WaterBeverage industry seeks to curb water usage

Published 21 April 2011

The beverage industry is actively working with researchers to conserve water as it requires vast amounts of water in its production processes; as much as 98 percent of the industry’s water usage comes from growing the ingredients used to make drinks; it is projected that by 2030 water demand will exceed supplies by 40 percent; analysts predict that water shortages will disrupt production and in times of scarcity can damage a company’s reputation; Coke has come under fire in India where residents blame the company for severe water shortages and improperly disposing of contaminated sludge; some companies are leading the charge and working with local farmers to help reduce water consumption and bolster local water supplies

As water consumption rates continue to rise and with water sources dwindling, future shortages have become an increasing reality. To avert disaster, some conservationists and businesses are working together to explore how to use less water in their manufacturing processes.

In particular, the beverage industry is keenly interested in conserving water supplies as it requires vast amounts of it to make drinks like beer, juice, or soda.

According to the Water Footprint Network, on average it takes forty-five to eighty gallons of water to produce half a liter of soda pop, eighty gallons of water to make a liter of beer, and nearly forty gallons of water to make one cup of coffee.

The bulk of the water the industry uses is in the fields where farmers grow ingredients like sugar, barley, or tea, rather than the bottling process itself.

The Water Resources Group, a World Bank sponsored panel of businesses, projects that by 2030 water demand will exceed supplies by 40 percent.

Scientists believe that that this shortage will be the result of increasing use and dwindling supplies as populations continue to grow, countries become wealthier, and climate change exacerbates extreme weather patterns.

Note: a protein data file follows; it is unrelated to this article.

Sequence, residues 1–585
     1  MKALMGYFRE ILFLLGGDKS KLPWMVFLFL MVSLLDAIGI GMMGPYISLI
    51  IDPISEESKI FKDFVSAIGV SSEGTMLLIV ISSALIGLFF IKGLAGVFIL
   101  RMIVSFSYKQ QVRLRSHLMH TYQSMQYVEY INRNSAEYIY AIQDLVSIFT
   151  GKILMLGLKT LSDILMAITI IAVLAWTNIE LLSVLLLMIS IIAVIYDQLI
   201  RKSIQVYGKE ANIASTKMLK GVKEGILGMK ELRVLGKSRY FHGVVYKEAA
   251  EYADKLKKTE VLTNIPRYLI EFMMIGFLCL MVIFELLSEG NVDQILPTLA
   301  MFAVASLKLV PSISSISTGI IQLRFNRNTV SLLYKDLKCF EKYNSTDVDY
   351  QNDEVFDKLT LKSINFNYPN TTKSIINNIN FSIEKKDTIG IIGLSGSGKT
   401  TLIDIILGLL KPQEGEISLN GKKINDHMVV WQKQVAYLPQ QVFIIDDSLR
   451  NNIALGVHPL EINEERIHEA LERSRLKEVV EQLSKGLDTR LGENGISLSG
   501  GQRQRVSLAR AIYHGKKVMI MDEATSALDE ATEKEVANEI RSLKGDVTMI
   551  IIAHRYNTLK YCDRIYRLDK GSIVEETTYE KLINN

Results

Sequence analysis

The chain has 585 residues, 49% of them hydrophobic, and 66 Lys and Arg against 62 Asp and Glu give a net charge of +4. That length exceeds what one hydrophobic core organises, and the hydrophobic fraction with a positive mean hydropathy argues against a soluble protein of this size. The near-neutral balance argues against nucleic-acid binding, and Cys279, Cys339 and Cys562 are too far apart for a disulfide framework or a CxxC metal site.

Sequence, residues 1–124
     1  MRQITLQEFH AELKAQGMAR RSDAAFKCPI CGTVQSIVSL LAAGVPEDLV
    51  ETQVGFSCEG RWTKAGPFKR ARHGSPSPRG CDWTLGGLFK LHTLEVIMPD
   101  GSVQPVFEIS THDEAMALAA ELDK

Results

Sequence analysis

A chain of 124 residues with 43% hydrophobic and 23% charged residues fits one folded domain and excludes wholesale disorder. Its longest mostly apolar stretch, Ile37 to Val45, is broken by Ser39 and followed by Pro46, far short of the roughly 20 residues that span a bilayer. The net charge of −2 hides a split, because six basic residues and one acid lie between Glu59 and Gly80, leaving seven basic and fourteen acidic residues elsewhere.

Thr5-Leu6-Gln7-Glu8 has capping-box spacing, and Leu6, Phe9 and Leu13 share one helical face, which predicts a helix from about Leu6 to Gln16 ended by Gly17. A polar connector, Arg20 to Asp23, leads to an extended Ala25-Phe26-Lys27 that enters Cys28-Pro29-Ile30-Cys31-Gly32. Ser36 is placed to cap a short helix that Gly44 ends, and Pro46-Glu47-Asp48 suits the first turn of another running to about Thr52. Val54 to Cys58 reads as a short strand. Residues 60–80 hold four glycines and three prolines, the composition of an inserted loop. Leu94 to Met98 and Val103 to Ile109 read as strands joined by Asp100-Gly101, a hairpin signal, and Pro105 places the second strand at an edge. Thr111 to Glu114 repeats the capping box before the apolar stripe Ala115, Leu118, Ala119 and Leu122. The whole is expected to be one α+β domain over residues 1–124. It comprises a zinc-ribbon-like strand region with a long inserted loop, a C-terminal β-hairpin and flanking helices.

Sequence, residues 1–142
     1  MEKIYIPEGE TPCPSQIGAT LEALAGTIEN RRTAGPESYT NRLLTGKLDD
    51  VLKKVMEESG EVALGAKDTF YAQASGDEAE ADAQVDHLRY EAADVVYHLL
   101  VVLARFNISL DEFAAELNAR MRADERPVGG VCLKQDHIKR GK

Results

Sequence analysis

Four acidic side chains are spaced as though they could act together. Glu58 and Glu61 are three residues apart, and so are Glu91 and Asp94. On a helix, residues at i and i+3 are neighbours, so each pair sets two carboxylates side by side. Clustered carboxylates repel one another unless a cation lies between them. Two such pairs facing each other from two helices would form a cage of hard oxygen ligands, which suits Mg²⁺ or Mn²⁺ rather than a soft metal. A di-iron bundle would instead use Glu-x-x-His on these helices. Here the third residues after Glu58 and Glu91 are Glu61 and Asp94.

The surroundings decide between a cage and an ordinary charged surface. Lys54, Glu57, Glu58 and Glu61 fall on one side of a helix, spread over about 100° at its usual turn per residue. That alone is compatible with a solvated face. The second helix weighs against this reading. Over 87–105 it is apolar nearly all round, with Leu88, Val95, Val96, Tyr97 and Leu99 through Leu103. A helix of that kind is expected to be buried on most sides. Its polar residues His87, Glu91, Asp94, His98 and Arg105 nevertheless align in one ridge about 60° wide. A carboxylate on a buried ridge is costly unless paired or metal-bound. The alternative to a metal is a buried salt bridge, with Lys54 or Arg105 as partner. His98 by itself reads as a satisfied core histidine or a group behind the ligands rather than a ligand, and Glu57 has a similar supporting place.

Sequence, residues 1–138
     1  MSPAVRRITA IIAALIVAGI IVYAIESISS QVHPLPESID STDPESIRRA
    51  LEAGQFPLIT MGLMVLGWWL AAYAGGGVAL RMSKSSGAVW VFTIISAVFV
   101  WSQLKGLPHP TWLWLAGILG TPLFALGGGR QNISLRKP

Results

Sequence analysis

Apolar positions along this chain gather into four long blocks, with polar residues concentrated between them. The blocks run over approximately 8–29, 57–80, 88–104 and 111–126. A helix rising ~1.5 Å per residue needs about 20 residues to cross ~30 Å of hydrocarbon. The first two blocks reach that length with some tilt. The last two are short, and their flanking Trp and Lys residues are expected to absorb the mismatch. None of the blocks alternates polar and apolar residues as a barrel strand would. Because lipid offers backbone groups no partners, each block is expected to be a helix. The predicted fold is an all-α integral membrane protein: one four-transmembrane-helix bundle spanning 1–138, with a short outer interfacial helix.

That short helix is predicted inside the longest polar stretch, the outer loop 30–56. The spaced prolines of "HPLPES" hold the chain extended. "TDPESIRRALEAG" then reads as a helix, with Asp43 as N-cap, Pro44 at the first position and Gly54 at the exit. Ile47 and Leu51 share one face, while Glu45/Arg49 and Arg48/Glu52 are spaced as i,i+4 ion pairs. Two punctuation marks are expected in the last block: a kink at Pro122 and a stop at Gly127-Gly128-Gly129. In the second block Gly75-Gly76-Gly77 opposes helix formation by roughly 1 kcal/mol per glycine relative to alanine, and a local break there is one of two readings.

John Briscoe, a professor of environmental engineering at Harvard University, says that water shortages in the future could prove to be highly disruptive to the beverage industry.

Briscoe says that if droughts occur where a beverage plant or agricultural supplier is located, authorities are likely to cut off supplies to foreign factories or hike up the price of water.

likely to cut off supplies to foreign factories or hike up the price of water.

Even if water “is a tiny proportion of your costs, if you’re going to be shut down for six months for that, it’s going to be an enormous risk,” he said.

Briscoe added that beverage companies are “quite aware that they are vulnerable on the supply-chain side, both with growing scarcity, but also with climate change,” because when there are droughts and crops are unable to thrive, “who’s going to be able to grow the inputs for them?”

David Tickner, the head of freshwater programs at the World Wildlife Federation (WWF) in the United Kingdom, adds that if water is scarce consuming large quantities of it could hurt a beverage company’s reputation.

“Almost regardless of the hydrological truth, if water is scarce in an area and people perceive that companies are big users of water, that carries reputational risk,” Tickner said.

For instance, in 2003